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Career Spotlight: Sarah Seton-Rogers

 

Medical Writer

 

Basic job description:

Write and manage the delivery of scientific content for medical communications projects for pharmaceutical clients and satisfy client needs in terms of quality, commercial focus, timing, and cost.
 

Type of Education/Training Required:

Typically, higher scientific degrees (PhD, MD, PharmD) are required. Experience in a particular medical therapeutic area (e.g. oncology or cardiology) is a plus.
 

Special Talents or Skills that Contribute to Career:

Ability to write scientific/medical information clearly and accurately evaluate scientific data. Although previous writing experience isn’t always required, prospective employers will require a writing test.
 

What is your educational background?

PhD in Biological and Biomedical Sciences obtained in a medical school environment.
 

Why did you choose this career?

I found that it best fit my interests in both science and writing, and my desire to leave the laboratory setting.
 

What steps did you take to obtain your current position?

I was hired directly after I completed my PhD. I had to submit writing samples of both my scientific writing as well as writing I had done for the public through the medical school newspaper.
 

What suggestions do you have for others who would like to break into this field/profession?

Network with people who do this job. An easy way to find people is through the American Medical Writers Association or the National Association of Science Writers.
 

What is involved in a typical workday?

We (hopefully) wouldn’t have to do all of these things in one day, but these are the types of things we do routinely:

  • Discuss status of various ongoing projects with colleagues and clients

  • Write outlines of primary manuscripts using clinical trial reports or review articles using literature searches

  • Conduct literature searches

  • Write manuscripts from outlines

  • Obtain and incorporate comments from investigators, pharmaceutical company client, or peer reviewers

  • Work on other communication projects such as abstracts or slide sets

  • Discuss goals and objectives of a new project with clients and investigators

  • Work on strategic publication or communication plans to support an existing launched drug or a drug that is pre-launch

  • Conduct internal review of projects written by others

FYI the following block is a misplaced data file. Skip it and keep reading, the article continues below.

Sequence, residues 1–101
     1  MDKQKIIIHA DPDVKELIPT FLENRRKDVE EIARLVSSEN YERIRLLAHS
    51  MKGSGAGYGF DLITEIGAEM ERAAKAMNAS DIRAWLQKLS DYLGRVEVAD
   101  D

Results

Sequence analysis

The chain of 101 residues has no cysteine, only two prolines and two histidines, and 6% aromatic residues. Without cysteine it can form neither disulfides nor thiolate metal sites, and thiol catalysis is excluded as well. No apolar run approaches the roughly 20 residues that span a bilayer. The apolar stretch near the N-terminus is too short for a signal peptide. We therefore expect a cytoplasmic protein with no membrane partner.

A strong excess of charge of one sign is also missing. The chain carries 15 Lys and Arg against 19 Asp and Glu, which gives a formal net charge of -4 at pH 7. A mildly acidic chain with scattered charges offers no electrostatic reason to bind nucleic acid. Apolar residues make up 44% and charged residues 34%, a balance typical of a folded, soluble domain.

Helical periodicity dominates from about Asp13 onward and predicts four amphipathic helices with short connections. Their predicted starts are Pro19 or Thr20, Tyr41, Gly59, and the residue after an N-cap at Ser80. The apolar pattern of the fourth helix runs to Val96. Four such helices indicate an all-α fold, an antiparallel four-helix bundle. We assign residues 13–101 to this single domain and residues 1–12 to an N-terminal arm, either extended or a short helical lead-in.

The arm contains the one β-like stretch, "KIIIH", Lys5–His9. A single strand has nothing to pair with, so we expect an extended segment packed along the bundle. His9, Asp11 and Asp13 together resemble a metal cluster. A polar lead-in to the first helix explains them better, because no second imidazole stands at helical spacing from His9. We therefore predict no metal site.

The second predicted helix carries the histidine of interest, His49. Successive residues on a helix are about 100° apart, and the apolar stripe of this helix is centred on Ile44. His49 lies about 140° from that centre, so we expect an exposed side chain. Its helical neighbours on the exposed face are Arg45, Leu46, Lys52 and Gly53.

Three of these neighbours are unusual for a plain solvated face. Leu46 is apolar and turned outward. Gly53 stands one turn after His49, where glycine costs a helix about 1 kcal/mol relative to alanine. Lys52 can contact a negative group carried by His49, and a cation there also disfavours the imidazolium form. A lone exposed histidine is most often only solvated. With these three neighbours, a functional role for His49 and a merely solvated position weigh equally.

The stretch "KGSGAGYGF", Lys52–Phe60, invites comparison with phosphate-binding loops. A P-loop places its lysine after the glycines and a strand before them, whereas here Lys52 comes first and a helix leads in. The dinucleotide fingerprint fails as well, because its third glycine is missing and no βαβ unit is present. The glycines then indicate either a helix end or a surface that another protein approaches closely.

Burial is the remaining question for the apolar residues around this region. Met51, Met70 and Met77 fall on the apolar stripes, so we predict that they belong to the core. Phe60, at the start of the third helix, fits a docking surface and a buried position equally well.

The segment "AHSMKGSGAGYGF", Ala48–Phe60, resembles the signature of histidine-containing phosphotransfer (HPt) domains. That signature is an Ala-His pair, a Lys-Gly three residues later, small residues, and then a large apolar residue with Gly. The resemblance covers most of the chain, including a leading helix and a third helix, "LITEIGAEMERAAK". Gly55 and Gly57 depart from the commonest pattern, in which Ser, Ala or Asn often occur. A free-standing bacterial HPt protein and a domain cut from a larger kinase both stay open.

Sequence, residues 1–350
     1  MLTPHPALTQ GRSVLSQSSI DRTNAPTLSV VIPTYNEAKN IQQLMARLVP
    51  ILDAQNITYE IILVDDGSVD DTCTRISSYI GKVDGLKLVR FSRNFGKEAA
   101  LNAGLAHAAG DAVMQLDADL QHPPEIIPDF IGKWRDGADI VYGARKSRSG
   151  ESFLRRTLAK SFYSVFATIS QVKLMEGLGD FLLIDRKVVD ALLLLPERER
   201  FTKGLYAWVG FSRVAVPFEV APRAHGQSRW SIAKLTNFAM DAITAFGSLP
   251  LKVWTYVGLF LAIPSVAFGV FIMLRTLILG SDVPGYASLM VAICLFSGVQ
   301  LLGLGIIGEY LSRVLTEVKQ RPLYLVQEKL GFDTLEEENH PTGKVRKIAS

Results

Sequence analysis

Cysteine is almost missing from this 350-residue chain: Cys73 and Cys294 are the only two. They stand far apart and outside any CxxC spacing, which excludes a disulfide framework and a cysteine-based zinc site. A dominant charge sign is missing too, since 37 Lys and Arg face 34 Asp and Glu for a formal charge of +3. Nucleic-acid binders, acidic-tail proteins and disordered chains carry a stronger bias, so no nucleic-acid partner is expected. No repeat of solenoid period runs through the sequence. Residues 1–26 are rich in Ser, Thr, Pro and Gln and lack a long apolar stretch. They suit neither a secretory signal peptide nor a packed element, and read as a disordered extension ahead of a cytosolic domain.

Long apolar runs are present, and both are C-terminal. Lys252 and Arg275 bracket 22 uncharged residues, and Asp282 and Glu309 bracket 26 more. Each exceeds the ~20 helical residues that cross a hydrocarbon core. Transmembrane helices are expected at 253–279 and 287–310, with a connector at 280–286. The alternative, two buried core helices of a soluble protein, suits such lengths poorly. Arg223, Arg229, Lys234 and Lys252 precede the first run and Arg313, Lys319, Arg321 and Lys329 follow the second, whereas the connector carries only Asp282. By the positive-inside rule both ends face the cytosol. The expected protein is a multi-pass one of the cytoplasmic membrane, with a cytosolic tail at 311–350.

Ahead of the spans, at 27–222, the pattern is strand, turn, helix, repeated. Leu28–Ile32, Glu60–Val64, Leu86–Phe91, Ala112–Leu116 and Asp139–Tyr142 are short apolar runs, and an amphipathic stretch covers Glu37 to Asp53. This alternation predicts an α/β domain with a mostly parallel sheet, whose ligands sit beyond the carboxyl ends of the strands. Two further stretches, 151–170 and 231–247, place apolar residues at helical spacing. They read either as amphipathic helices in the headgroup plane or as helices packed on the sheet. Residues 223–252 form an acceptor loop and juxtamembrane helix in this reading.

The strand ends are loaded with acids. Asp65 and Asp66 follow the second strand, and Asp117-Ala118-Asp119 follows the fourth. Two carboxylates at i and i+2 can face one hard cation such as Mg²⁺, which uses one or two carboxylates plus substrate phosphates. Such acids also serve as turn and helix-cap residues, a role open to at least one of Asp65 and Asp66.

What do you like the best about your work? The least?

I like that I am working on several projects at once, and that I’ve been given the opportunity to work with several pharmaceutical clients in several therapeutic areas. The strategic planning part of my job is particularly interesting to me, but I also enjoy starting new projects and delving into new subject areas. A particular bonus of this job is that I am learning a lot about the non-R&D side of the pharmaceutical industry. I also enjoy that, although I am busy, I rarely have to work long hours or on weekends (quite different from the lab!)
 

What are your career goals?

I can see myself moving in one or two directions. First, I could advance in a communications agency to become an editorial director or medical director, overseeing medical writing staff and participating more in strategic meetings with clients and generating new business. Second, I could move into a pharmaceutical company and work on a particular drug, hopefully as a manager for scientific communications on that drug (medical/scientific affairs).
 

In what ways does your degree help you with this job?

Although I’m not using the scientific knowledge I gained from my degrees, I do think that I am using my critical thinking and evaluative skills that I gained in grad school on an everyday basis. In addition, the length of time I’ve spent studying different subjects within the life sciences allows me to get up to speed on a new therapeutic area very quickly. My co-workers that are medical writers have either PhDs or undergraduate life sciences degrees. I’m currently based in London, where it is more common for writers to not have PhDs; however, in the US, most will have an advanced degree of some type (PhD, PharmD, MD, or MS).
 

How does your current position compare to working in other settings, like academia or industry?

Shorter hours, which can make it less stressful. However, there are still deadlines to be met and things that have to get done. At times, the job seems less rewarding than perhaps a career in researching the next cancer cure might be, but there are aspects of it that are quite rewarding (like when you receive praise from an investigator or client for a job that was especially well done).
 

November 2006

 

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